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Särskilda rådslag och fördrag



Rådslaget i Easton 30 januari 1777
En underligt okänd konferens som snarast hade med irokesernas ställning i Frihetskriget att göra.
Se artikel 

Some of the first settlers of ”The Forks of the Delaware” and their decendants / being a translation from the german of the record books of the First Reformed Church of Easton, Penna. : From 1760 to 1852. / translated and published by Henry Martyn Kieffer. - Pennsylvania : Eastton, 1902. - 404 p. : ill.

   Innehåller kyrkböcker typ födda och döda i den kalvinistiska First Reformed Church of Easton. Har sitt uppebara värde, men inte för indianhistorikern. Inte heller har sammanställaren kunskaper om den första Palatinerkolonisationen av the Forks. Värdet ligger i kapitlet ”The indian treaty of the church, januari 30 1877” En notis som antyder att indianernas diplomati måhända tog överdrivna svängar.  Man ville gärna ha konferenser med kolonierna väl ofta, förstås i syfte att erhålla gåvor. 

Kanske var det ändå så att området kallat the ”Forks of the Delaware” var en trakt som mestadels var en jaktmark för många (likt Kentucky blev) och dessutom på något sätt blev neutral mark för Easton blev föremål för ett antal förhandlingar och överenskommelser. Se: 


Easton Treaty Council Of 1777 Gave Birth To `Lost Peace'

February 02, 1992|by LANCE METZ, The Morning Call

Between 1756 and 1762, the infant settlement of Easton assumed an importance in American frontier history that it would never again reach.

During these years, it was the site of a series of treaty councils with the Native Americans of the eastern woodlands that helped to make possible the conquest of the Ohio Valley by British and colonial forces.

The complex and colorful story of the 1756-1762 Easton treaty councils has been related by many distinguished historians, but the final time Easton played a significant role in frontier diplomacy, the treaty council of 1777, has been almost forgotten. The outcome of this little-known meeting may be called, with some justification, the "lost peace."

During the early years of the American Revolution, a great effort was made by Continental leaders to ensure the neutrality of the Iroquois tribes who inhabited what is now central and northern New York State. The Iroquois confederacy had achieved great political and military importance because in its homeland were found the headwaters of rivers such as the Allegheny, the Mohawk, the Susquehanna, the Delaware and the Hudson. By striking down the natural corridors that were formed by these rivers, the Iroquois could raid the frontier settlements of New York and Pennsylvania and devastate the fields that supplied much of the food that was needed by the American army. A war with the Iroquois would also divert scarce American military resources from the struggle against the British. At all cost, American frontier diplomats wanted peace with the Iroquois.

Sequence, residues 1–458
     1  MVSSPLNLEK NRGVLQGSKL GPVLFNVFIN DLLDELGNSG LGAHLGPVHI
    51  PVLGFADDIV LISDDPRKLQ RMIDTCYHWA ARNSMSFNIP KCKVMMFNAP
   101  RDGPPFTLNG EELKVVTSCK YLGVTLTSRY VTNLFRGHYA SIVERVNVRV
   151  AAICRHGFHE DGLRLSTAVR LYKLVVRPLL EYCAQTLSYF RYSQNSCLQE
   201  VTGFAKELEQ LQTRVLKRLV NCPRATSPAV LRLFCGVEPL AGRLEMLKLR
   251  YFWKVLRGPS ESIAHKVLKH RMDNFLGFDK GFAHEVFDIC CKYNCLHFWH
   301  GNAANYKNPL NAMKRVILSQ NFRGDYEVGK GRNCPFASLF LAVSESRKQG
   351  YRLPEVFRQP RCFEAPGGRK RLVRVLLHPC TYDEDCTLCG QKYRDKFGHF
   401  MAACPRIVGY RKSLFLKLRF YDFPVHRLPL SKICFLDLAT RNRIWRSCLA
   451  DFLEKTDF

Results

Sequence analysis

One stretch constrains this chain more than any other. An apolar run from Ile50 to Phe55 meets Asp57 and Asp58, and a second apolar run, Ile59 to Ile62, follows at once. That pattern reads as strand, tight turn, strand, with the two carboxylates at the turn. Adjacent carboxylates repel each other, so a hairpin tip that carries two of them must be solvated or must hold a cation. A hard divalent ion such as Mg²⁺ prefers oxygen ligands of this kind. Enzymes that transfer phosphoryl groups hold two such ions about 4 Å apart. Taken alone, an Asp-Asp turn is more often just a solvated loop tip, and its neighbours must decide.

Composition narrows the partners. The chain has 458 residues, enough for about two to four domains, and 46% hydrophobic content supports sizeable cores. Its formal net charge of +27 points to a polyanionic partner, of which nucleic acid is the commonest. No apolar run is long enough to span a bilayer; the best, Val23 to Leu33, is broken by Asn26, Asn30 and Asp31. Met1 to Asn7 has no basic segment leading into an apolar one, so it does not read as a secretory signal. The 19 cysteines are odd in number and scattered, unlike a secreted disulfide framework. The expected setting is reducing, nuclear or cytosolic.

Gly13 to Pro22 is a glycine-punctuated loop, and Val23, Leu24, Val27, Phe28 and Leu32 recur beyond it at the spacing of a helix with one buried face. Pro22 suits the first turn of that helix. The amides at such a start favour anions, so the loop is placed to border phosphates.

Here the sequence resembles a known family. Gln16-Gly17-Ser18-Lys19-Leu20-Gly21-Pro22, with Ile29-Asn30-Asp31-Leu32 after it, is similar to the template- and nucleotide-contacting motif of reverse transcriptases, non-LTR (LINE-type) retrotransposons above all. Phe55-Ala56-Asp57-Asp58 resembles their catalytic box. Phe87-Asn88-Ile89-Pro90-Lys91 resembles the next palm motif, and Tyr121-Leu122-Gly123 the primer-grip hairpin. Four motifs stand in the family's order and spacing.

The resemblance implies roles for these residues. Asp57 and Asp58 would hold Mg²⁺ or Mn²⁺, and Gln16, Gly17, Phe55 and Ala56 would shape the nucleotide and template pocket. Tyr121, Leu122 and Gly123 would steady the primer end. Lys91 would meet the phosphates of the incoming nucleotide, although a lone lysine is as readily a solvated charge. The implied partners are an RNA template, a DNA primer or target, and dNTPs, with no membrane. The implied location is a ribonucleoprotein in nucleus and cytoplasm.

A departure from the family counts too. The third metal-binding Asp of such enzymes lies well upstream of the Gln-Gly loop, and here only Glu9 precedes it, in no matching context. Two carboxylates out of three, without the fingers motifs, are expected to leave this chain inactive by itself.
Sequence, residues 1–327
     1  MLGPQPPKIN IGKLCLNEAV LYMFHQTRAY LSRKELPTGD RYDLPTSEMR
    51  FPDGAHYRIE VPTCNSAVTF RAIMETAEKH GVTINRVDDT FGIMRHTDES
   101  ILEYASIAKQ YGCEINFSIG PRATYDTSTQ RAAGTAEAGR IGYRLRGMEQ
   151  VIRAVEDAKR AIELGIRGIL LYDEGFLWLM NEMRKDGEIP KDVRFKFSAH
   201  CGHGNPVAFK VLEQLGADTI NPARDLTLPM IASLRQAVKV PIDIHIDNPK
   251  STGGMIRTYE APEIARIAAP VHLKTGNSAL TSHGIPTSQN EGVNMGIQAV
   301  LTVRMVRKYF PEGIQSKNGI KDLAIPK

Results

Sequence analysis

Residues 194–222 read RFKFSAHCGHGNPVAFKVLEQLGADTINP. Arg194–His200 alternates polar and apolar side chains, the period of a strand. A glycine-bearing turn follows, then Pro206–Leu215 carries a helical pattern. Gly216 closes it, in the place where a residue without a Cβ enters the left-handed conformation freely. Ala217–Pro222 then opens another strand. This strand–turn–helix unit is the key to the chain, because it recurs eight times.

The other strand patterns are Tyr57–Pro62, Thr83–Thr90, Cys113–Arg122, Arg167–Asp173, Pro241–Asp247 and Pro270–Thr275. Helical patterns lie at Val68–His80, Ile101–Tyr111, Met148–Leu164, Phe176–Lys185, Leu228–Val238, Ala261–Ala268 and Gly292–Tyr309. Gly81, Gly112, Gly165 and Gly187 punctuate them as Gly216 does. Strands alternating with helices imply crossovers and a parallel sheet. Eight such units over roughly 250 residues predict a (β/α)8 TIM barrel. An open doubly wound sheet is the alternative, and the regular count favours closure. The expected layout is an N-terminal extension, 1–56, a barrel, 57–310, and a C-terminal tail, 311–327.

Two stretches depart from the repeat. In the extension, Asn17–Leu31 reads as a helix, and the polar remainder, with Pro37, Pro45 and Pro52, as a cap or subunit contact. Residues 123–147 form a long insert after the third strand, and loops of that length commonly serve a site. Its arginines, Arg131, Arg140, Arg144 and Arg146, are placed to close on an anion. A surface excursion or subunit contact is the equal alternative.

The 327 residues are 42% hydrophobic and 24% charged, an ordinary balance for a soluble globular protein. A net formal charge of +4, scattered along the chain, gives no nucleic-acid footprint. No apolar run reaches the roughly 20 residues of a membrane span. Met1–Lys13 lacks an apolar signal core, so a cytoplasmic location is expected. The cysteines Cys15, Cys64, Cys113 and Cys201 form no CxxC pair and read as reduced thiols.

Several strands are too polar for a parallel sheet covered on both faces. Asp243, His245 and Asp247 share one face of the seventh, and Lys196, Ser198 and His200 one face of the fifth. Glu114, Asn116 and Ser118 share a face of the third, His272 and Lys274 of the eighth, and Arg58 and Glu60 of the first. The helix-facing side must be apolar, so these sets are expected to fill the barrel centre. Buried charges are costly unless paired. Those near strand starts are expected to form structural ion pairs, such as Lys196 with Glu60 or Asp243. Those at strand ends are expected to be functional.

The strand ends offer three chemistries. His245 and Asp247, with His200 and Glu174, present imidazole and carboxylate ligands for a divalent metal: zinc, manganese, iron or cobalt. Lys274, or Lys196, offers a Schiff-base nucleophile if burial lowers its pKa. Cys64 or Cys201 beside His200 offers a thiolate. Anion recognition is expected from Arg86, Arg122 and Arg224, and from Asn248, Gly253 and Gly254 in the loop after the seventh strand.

In January of 1777 the Continental Congress meeting in Philadelphia received news that leaders of a portion of the Iroquois Confederacy and their allies who were living along the upper Susquehanna River planned to journey to Easton to confer with American authorities. It is not definitely known why Easton was selected as the site for this meeting, but it was probably picked due to its location at the junction of major frontier transportation routes and the prominent role that the small village had earlier played in frontier diplomacy.

In response to the information it had received concerning the Iroquois' intentions, the Continental Congress appointed a commission to meet with the tribesmen. It was led by two signers of the Declaration of Independence -- George Walton (1745-1804) of Georgia and Easton resident George Taylor (1716-1781). The commission appointed by the Continental Congress was joined by similar bodies appointed by Pennsylvania authorities, and the secretary for the combined delegation was the noted patriot author and propagandist Thomas Paine.

The Native American delegation that arrived in Easton on Jan. 5, 1777, must have presented a colorful sight since it was composed of 70 warriors accompanied by more than 100 women and children. The conference opened on Jan. 17, and its sessions were held in the recently built German Reformed and Lutheran Church, which still stands on N. Third Street.

It soon became apparent that the Iroquois present wished to make a treaty of peace with the Continental and Pennsylvania commissioners, who reported, "The Indians seem inclined to act the wise part with respect to the present dispute. If they are relied upon, they mean to be neuter. We have already learned their good intentions." On this hopeful note, the last treaty council to be held in Easton quickly resulted in a peace accord, and it was adjourned.

Unfortunately, the peace negotiated at Easton would prove to be of short duration. The British, with their experienced Indian Department, coupled with their ability to supply the Iroquois with manufactured goods and ammunition and the Native Americans' innate distrust of the land-hungry American frontiersmen, combined to induce the tribal warriors to cast their lot against the Americans.

By June of 1777, many of the same men who had sworn neutrality at Easton were fighting against frontier settlers or serving alongside the invading British armies of Burgoyne and St. Ledger. These forces attempted to split the rebellious colonies.

Thus, the treaty of January 1777 was truly a "lost peace," the memory of which would be wiped out by the ravages of the following six years of warfare.


© Staffan Jansson 2017